The Founder Movie Review
The Founder Movie Review Metadata
Going in, how much you know about McDonald’s famous tycoon, Ray Kroc, will probably determine how you feel at the end of The Founder. Although I love biographies, I hadn’t yet gotten around to Kroc’s, so all I knew was that he was the McDonald’s guy, that he was a perfectionist, and that he would occasionally show up at random locations for quality-control spot-checks. I figured that this would be a movie about a guy who built an empire from a roadside burger stand, maybe a downtrodden comeback story, or a feel-good bio-pic. Turns out I was right about all three…just not in the ways I’d anticipated.
The Founder starts off with traveling milkshake mixer salesman Kroc (Michael Keaton (Spotlight (2015), Minions (2015)) pounding the pavement trying to sell the idea that supply (an abundance of milkshakes) would lead to demand (for said milkshakes). Mom-and-pop drive-ins don’t have the need for or the interest in something quite that ambitious, so most of his days end with a strong drink or three and motivational records in threadbare motels rooms. During a routine call to the home office, Kroc is surprised to hear that a San Bernadino restaurant called McDonald’s has ordered six…no, make that eight!…of his mixers, and curiosity leads him to check out the restaurant for himself.
McDonald brothers Dick and Mac (Nick Offerman and John Carroll Lynch) have created a wildly successful business model for their burger stand: efficiency, quality and customer service. The food is good and the McDonalds’ genuine value system guides their course. Kroc is impressed and, after a lot of convincing, gets Dick and Mac to go into business with him and franchise the restaurant across the country.
Although initially the partnership seems to be a good idea, the strain in the professional relationship starts showing almost immediately. Dick and Mac are truly satisfied with their one bustling location, taking care of their employees and serving the community like an extended family. Sure, the money is a plus, but their commitment to the McDonald’s brand, along with Mac’s tenuous health, allow them to find satisfaction in what they have.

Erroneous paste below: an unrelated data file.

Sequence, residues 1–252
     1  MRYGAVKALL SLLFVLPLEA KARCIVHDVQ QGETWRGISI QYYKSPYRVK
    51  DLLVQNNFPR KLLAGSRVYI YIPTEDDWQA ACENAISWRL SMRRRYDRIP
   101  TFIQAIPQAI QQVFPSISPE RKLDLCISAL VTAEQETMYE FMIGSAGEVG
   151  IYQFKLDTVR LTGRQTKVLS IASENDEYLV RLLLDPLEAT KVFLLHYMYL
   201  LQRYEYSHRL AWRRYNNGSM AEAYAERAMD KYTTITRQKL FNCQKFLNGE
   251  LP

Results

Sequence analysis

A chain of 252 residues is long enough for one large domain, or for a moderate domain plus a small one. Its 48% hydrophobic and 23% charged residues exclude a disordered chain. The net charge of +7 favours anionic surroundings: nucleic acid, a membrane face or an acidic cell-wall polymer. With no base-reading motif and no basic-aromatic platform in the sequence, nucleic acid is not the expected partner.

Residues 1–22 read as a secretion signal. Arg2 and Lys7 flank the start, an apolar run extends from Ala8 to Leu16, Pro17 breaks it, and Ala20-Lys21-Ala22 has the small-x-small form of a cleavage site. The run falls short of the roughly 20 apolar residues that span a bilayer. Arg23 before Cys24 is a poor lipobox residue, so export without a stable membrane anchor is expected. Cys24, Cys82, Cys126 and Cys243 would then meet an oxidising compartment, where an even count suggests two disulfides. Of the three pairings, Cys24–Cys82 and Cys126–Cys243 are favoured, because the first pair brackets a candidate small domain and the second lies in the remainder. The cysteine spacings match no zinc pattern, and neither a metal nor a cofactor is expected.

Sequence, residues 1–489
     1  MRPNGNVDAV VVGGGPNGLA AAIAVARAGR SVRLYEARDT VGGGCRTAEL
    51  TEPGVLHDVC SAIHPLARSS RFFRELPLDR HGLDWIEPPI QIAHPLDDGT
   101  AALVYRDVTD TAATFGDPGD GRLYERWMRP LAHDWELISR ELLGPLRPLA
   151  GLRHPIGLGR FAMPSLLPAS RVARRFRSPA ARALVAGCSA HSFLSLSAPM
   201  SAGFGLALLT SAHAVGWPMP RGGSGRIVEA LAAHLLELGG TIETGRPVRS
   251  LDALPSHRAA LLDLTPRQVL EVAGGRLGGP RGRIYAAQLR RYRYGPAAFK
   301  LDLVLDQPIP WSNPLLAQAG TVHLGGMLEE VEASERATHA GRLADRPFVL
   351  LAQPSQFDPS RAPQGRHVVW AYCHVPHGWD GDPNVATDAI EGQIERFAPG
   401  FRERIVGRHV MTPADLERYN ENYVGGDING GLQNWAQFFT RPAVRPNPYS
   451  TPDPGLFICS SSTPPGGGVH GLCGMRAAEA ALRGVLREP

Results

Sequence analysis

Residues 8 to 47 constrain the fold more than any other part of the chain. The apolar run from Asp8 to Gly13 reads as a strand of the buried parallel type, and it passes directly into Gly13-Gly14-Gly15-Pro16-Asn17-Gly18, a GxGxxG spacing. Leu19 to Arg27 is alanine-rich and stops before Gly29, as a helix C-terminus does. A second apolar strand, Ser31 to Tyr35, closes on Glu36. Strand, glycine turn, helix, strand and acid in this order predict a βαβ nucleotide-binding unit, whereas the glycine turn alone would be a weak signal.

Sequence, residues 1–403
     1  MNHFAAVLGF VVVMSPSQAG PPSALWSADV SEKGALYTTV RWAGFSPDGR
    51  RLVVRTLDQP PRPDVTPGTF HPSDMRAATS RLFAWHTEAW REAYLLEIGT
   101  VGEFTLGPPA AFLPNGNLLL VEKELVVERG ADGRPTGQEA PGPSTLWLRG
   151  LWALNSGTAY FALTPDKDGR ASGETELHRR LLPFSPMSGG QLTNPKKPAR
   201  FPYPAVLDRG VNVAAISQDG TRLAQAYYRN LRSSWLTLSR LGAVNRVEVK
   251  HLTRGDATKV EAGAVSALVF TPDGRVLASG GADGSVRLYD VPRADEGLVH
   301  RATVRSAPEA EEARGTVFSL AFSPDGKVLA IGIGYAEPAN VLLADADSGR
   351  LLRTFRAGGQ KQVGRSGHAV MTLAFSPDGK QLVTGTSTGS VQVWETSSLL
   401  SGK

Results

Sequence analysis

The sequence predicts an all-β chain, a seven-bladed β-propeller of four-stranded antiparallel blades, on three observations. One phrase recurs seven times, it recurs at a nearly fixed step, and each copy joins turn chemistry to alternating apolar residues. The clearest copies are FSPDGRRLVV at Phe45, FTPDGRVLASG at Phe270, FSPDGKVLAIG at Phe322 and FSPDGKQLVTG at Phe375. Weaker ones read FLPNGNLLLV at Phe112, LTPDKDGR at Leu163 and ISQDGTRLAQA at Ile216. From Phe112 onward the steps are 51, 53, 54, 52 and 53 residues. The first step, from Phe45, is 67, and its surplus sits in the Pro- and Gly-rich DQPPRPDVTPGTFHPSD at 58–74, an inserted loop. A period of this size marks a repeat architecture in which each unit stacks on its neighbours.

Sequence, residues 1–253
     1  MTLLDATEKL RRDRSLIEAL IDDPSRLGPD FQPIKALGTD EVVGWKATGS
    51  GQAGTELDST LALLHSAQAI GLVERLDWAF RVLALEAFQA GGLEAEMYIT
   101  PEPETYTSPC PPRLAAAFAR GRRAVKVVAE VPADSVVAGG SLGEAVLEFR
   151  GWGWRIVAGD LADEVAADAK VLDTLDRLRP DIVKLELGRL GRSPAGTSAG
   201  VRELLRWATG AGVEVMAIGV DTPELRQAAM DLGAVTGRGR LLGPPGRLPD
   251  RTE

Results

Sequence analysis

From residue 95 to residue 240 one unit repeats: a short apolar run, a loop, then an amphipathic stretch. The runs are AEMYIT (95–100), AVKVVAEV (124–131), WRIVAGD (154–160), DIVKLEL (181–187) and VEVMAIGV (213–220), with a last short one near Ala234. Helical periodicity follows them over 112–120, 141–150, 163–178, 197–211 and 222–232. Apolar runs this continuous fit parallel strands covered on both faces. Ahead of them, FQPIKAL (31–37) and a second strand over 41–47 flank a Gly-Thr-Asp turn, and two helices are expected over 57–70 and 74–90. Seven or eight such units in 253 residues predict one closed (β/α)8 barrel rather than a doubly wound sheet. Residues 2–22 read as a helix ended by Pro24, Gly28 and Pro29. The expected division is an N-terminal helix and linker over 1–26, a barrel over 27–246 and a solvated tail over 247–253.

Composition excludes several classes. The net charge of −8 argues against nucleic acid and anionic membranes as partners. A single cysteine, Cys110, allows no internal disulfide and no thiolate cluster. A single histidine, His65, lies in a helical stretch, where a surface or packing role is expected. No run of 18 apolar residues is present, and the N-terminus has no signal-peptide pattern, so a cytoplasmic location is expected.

Kroc, on the other hand, sees only the potential for improvement, expansion and therefore profit. Each proposed change is met with resistance by the McDonald brothers (who legally retained the final say in all matters), and frustration turns to ruthlessness when Kroc realizes he’ll never make money as long as they do things the friendly way. Goodbye feel-good bio-pic!
The Founder doesn’t pull any punches as we follow Kroc’s growing ambition and dwindling scruples, but it’s an interesting ride. Initially we’re rooting for Kroc, just as we are pulling for any character that is truly trying but can’t quite catch the brass ring. Hooking up with the likeable McDonald brothers continues that good feeling. Even the cinematography itself lures you in to this Pleasantville-type world: the colors are bright, the cars are shiny, and even that “undesirable element” (teenagers) hanging around the drive-ins is pretty sanitized.
That’s why it’s such a shock when we realize that Kroc is not just a bit of a hustler, or a persistent pain in the butt. His overt leering at a franchisee’s wife is uncomfortable to witness, and you can’t help but sympathize with his own long-suffering wife, Ethel (Laura Dern (Certain Women (2016)), who is essentially abandoned like an empty burger wrapper. Keaton takes the character there at such an unhurried pace (especially remarkable since his Kroc seems semi-manic) that it’s genuinely unsettling when, by the end, we see him for the sociopath he becomes…or is finally shown to have been all along.
McDonald’s (the restaurant) isn’t the villain in this film, and to be fair, it’s questionable if Kroc is either. Is being successful bad? Is ambition a character flaw? Shouldn’t the McDonald brothers have maybe been a little more flexible off the bat? All valid questions, but if you take no other lessons from The Founder, just remember never to do business on a handshake deal.